Inoculation, or variolation, was used to prevent rather than cure smallpox by introducing live smallpox virus into the scratched skin of a healthy person. With the shadow of her husband’s recall to England hanging over the family, Lady Mary quickly decided to have her own four-year-old son, Edward, inoculated, making him the first Englishman to undergo the—ultimately successful—procedure. Lady Mary is credited with introducing the technique to England.
Jenner and the milkmaid
Edward Jenner was not the first to discover the link between cowpox infection and subsequent immunity to smallpox, and neither was he the first to carry out cowpox inoculation. But he was the first to scientifically attempt to control a disease through vaccination, and his relentless work lies at the heart of immunology, the study of the immune system and today a key branch of the medical and biological sciences.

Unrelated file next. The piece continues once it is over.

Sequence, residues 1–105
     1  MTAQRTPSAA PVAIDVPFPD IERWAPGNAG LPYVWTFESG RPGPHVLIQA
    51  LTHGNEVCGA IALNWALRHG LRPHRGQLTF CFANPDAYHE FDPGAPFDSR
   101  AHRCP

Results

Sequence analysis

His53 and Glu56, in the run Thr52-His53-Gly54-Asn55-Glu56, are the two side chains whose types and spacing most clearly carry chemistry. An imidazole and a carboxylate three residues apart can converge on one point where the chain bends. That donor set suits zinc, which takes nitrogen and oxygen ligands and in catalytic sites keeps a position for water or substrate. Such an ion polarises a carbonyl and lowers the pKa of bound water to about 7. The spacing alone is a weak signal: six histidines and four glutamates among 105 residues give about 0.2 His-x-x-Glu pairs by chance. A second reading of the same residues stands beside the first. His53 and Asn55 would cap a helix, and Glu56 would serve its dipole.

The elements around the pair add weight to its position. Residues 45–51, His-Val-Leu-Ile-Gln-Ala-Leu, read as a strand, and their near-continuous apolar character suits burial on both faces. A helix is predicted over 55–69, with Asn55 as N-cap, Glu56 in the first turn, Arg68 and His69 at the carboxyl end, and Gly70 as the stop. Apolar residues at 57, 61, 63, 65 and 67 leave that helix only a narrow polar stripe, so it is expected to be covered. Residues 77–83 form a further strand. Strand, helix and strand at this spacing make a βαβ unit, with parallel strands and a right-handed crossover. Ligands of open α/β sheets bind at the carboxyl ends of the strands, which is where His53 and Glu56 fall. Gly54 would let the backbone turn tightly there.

The story goes that Edward Jenner, intrigued by folklore that people who had caught cowpox, a mild viral infection frequent among dairymaids, were naturally immune to smallpox, and inspired by his personal experience of variolation as a boy, decided to carry out his own, very risky experiment. In 1796, young milkmaid Sarah Nelms approached Jenner with cowpox lesions on her hands and arms, having caught the infection from her cow, Blossom. He used material from one of the pocks on Sarah’s hand to inoculate 8-year-old James Phipps, who subsequently suffered only a mild fever. Two months later, Jenner inoculated young James with material from a fresh smallpox lesion, and he proved immune to the disease. This was the birth of the science of immunology (footnote: Blossom has also been immortalized: her hide is on display on the wall of the library at St George’s Medical School in London).